The World Health Organization says one in 10 people worldwide is expected to suffer from hearing loss by 2050. But in the United States, health officials say around 20 percent of America’s adult population is already experiencing some level of hearing loss and the coronavirus pandemic has exposed the problem to a greater extent.
As the country marks World Hearing Day (March 3), Angela Shoup, the president of the American Academy of Audiology, told VOA that the pandemic has brought to the surface many people’s unknown hearing problems, as “they are having to cope with trying to understand people that wear masks.”
“A lot of people who may not have identified with hearing difficulties previously, possibly because they had a very minimal problem are recognizing increased communication difficulties now,” said Shoup, who is also a professor of speech, language and hearing at the University of Texas at Dallas.
“Masks,” Shoup said, “take away visual cues” and “tend to distort and soften the speech signal.”
“We don't recognize how much we might utilize mouth movements and body language to understand what somebody is saying or help us fill in the blanks when we miss some information,” she said. “In addition to that, masks tend to distort and soften the speech signal... So at times, even when the sounds we’re hearing are loud enough, they may be muffled or distorted.”
Experts are also worried about the next generation of Americans. While children with hearing problems often show poor school performance, hearing loss in teenagers has been on the rise.
Currently, one in five teens exhibits some level of loss, according to the Hearing Loss Association of America. This number has increased by more than 30 percent since the 1990s, which to some extent has to do with “listening to loud music,” Shoup said.
About 466 million people worldwide struggle with disabling hearing loss, according to the WHO. By 2050, this number could rise to 900 million people.
In 2007, the World Health Organization designated March 3 as World Hearing Health Day to raise awareness of the growing numbers of those suffering from hearing loss and the importance of hearing health care.
In 2017, the National Institute on Deafness & Other Communication Disorders, whisih is part of the National Institutes of Health, said that 48 million Americans suffer some type of hearing loss.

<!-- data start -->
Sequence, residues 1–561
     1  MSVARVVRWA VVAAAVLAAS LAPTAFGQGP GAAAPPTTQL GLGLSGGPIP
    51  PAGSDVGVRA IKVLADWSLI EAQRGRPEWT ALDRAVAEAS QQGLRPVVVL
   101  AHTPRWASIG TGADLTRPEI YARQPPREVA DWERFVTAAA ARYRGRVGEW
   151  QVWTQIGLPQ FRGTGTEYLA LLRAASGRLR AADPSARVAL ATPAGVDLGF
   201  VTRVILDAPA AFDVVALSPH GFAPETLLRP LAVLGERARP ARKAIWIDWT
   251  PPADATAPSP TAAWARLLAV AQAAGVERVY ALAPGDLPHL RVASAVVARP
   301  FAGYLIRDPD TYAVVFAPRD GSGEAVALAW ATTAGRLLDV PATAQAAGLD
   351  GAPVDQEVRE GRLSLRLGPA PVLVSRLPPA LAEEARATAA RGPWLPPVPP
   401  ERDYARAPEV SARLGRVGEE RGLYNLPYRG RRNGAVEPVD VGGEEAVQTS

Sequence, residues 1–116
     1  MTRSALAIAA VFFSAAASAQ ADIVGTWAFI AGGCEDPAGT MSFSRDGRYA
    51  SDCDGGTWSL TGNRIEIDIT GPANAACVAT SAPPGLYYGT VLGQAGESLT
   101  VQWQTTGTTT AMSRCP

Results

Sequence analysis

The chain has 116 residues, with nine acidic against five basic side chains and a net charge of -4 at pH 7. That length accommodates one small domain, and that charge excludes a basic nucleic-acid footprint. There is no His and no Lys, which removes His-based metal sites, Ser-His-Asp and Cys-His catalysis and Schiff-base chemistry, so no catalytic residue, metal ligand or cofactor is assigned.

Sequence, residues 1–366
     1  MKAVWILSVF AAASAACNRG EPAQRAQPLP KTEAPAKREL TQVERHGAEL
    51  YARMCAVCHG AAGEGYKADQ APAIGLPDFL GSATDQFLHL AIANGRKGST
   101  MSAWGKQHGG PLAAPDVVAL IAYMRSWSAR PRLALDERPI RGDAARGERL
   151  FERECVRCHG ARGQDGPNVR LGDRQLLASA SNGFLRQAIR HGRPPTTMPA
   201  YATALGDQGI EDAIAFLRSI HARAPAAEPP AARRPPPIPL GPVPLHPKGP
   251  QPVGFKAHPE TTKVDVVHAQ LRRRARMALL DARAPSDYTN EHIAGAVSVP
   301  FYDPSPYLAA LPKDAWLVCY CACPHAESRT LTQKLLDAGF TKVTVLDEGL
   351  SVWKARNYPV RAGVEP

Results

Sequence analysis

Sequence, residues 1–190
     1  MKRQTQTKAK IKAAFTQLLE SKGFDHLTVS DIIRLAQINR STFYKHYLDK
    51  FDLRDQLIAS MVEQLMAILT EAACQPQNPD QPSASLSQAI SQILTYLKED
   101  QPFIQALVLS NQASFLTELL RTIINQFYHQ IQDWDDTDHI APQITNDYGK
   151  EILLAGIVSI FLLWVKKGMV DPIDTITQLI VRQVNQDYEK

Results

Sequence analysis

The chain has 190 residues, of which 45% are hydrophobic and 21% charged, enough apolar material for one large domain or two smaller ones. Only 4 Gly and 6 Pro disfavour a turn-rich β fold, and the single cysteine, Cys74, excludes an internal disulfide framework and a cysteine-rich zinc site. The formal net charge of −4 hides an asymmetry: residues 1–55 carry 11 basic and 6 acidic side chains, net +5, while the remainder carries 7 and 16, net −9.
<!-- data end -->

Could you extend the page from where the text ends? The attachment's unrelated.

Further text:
“The growing health problem of hearing loss is often unrecognized in U.S. adults, adolescents and children and it leads to a long list of problems including depression, isolation, academic delays, impaired communication and cognitive decline. We are grateful that this awareness day was created to shine a light on the significance of hearing loss,” said Shoup.
Shoup is also the executive director of the Callier Center for Communication Disorders and a professor of speech, language and hearing in the School of Behavioral and Brain Sciences at the University of Texas at Dallas.
“We also look to this day to help educate the public on the importance of seeing an audiologist for professional evaluation and management of hearing and balance difficulties,” she said.
According to the National Institute on Deafness and other Communication Disorders, approximately 20 percent of American adults aged 20 to 69 have some trouble with hearing and approximately 28.8 million could benefit from the use of hearing aids.
Some signs of hearing loss may include:...
- Suddenly having to turn up the volume of the television, radio, or stereo and having other family members complain that the volume is too loud.
- Difficulty understanding people speaking to you and asking people to repeat themselves.
- Difficulty with phone conversations and understanding the other person.
- Sudden inability to hear the door bell, the dog barking, and other household sounds.
- People telling you that you speak too loudly.
- Ringing in the ears.